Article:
The ACT is a curriculum-based achievement test that measures what a student has learned in school. This standardized test is accepted by all four-year colleges and universities in the U.S. and helps them evaluate candidates.

COVID 19 Update from ACT: For the 2021-2022 school year, ACT currently plans to follow the pre-COVID testing schedule, offering the exam in June, July, September, October, December, February, and April. To get the latest information on ACT testing during the pandemic, make sure to check here .

2021 - 2022 ACT Test Dates and Registrations

September 11, 2021 August 06, 2021 September 27-November 05, 2021 June, July, August
October 23, 2021 September 17, 2021 November 09-December 30, 2021 July, August, September
December 11, 2021 November 05, 2021 December 21, 2021-February 04, 2022 August, September, October
February 12, 2022 January 07, 2022 February 25-April 07, 2022 October
April 02, 2022 February 25, 2022 April 12-June 23, 2022 TBD
June 11, 2022 May 06, 2022 June 21-August 05, 2022 TBD
July 16, 2022* June 17, 2022 July 26-September 09, 2022 TBD

*No test centers are scheduled in New York for the July test date. See  Non-Saturday Testing

2020-2021 ACT Test Dates and Registration

June 12, 2021 May 07, 2021 June 22 - August 06, 2021 N/A
July 17, 2021* June 18, 2021 July 27 - September 10, 2021 June

*No test centers are scheduled in New York for the July test date. See  Non-Saturday Testing

Note: Multiple choice scores are normally available within two weeks after each national test date, but it can sometimes take up to eight weeks. Writing scores are normally available about two weeks after your multiple-choice scores. For more information regarding ACT score release dates, please visit .

How to Register for the ACT

You can register online for the ACT , a process which takes about 40 minutes. First, find a test date that works for you, and make sure that you register early, before the deadline. To do so, you'll need the following:

The ACT can be taken with or without the writing portion. To determine if you need it, find out if the colleges you're applying to require it. When you register, you can opt into ACT’s Educational Opportunity Service, which will connect you with financial institutions and colleges based on your interests and future plans.

Be sure to print out your ticket to the test center after you register, as you'll need it to take the ACT.

When to Take the ACT

The ACT can be taken as early as grade six. However, most students take the test for the first time during the spring of their junior year. Scores are provided anywhere from two to eight weeks after the test. Those unsatisfied with their scores will then have enough time to retake the ACT during the fall of their senior year.

When to Start Preparing for the ACT

Depending on when you're planning to take the ACT, it's never too soon to begin the prep process. However, the majority of students take their preparations more seriously in the spring and summer before their junior year. If you do the same, you'll be ready to take the test in the spring of your junior year. This plan also gives you enough time if you want to retake the ACT in the fall of your senior year. Whenever you start, make sure you are taking the ACT when you have a window of 3-4 months to dedicate to continuous prep and to allow you to retake the test if needed.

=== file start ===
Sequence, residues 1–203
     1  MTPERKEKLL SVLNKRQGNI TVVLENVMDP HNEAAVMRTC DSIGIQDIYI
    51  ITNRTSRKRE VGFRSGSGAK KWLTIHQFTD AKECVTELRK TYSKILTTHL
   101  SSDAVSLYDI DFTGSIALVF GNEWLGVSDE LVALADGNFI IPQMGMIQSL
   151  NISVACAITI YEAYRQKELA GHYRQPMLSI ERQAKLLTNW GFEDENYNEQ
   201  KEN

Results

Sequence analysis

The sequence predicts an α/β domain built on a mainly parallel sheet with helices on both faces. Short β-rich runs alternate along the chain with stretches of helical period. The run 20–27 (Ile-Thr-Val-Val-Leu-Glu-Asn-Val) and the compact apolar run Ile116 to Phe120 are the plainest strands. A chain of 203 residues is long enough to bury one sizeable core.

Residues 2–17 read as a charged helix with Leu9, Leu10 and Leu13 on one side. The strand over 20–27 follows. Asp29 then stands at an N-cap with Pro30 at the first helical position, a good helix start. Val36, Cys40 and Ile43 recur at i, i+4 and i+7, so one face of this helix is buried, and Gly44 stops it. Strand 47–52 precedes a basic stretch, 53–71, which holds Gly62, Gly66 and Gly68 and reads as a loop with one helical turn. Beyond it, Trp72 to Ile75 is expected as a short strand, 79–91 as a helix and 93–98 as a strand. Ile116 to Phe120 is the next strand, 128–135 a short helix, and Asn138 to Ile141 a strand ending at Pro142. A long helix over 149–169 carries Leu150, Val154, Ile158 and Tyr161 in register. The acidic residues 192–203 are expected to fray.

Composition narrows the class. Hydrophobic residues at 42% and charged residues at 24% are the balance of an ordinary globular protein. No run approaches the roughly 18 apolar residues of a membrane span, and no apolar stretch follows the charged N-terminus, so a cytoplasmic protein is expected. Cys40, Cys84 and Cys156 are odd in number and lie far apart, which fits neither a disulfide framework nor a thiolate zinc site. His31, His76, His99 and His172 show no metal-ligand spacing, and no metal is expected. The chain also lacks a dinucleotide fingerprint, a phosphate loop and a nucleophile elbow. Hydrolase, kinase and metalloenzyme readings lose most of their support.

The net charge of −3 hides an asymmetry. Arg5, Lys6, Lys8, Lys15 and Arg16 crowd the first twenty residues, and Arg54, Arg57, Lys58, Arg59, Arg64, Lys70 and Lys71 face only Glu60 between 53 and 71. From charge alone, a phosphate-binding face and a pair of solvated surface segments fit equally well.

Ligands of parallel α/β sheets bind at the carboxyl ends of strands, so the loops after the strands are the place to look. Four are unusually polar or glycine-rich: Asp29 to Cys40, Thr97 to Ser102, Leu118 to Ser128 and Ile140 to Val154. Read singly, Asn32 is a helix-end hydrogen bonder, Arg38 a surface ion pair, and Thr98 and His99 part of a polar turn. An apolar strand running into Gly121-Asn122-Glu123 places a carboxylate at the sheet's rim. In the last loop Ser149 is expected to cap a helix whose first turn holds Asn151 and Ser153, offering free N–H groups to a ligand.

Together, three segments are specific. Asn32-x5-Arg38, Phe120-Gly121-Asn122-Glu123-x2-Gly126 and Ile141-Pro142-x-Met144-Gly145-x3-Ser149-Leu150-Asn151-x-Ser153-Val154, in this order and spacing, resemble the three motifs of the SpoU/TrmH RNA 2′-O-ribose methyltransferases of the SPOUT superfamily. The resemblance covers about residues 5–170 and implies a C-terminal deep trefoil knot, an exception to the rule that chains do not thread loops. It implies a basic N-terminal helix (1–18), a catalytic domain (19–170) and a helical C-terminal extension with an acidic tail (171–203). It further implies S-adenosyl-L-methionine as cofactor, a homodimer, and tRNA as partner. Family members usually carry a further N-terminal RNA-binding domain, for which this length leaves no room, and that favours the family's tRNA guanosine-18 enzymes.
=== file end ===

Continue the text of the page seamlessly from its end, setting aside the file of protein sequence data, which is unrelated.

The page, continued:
How to Prepare for the ACT

The ACT is directly related to the high school courses you're currently taking — English, math, reading and science. As you attend classes and work hard to excel, you're actually preparing to do well on the ACT. However, to get a top score, you'll want to turn to the trusted results provided by The Princeton Review. You can take our free practice test online . After that, we'll give you your personalized report that lets you know which areas you're strong in and which areas need improvement.

The best way to prepare for the test is to sign up for our ACT Prep course . Our team has over 40 years of experience teaching the ACT and can ensure you get the maximum results in a minimum amount of time.

What to Do on Test Day

The best thing you can do for yourself on your ACT test day is to be calm and prepared. During the test and the breaks, you cannot use a prohibited electronic device or cell phone. If you do, you'll be dismissed, and your test will not be scored. However, there are a few things you should be sure to bring with you, including:

Come early the day of your test. The center opens at 7:45 a.m., and doors close promptly at 8 a.m. If you're late, you will not be admitted. Once you break the seal on your booklet, the test has begun. There are four separate tests covering English, math, reading and science. ACT also tries out new questions on National Test Dates. These may appear in a fifth test or within each of the four regular test sections. These questions help ACT develop future tests but are not reflected in your score.

After the first two tests, you'll be allowed to leave the room for a short break. During this time, cell phones and other electronic devices are still prohibited. Once the test administrator collects all the test booklets, students are dismissed.

If you took the ACT® with writing, multiple-choice scores are posted first, and your writing scores will be posted online as soon as they are ready. For more information regarding ACT score release dates, please visit .

Confirm ACT dates and get information on ACT test registration today! You can also call 319-337-1270.